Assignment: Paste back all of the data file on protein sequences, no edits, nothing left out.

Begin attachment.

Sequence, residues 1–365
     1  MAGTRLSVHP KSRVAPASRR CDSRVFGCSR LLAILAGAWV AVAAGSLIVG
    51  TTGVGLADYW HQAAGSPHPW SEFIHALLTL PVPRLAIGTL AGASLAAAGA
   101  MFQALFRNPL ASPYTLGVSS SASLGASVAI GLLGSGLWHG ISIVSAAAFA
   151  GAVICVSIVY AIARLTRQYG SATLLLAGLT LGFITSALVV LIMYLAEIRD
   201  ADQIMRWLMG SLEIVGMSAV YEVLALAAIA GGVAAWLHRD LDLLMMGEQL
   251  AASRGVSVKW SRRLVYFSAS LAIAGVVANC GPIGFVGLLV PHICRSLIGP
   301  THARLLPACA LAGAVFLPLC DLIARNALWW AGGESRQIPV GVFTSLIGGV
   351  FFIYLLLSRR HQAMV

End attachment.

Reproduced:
Sequence, residues 1–365
     1  MAGTRLSVHP KSRVAPASRR CDSRVFGCSR LLAILAGAWV AVAAGSLIVG
    51  TTGVGLADYW HQAAGSPHPW SEFIHALLTL PVPRLAIGTL AGASLAAAGA
   101  MFQALFRNPL ASPYTLGVSS SASLGASVAI GLLGSGLWHG ISIVSAAAFA
   151  GAVICVSIVY AIARLTRQYG SATLLLAGLT LGFITSALVV LIMYLAEIRD
   201  ADQIMRWLMG SLEIVGMSAV YEVLALAAIA GGVAAWLHRD LDLLMMGEQL
   251  AASRGVSVKW SRRLVYFSAS LAIAGVVANC GPIGFVGLLV PHICRSLIGP
   301  THARLLPACA LAGAVFLPLC DLIARNALWW AGGESRQIPV GVFTSLIGGV
   351  FFIYLLLSRR HQAMV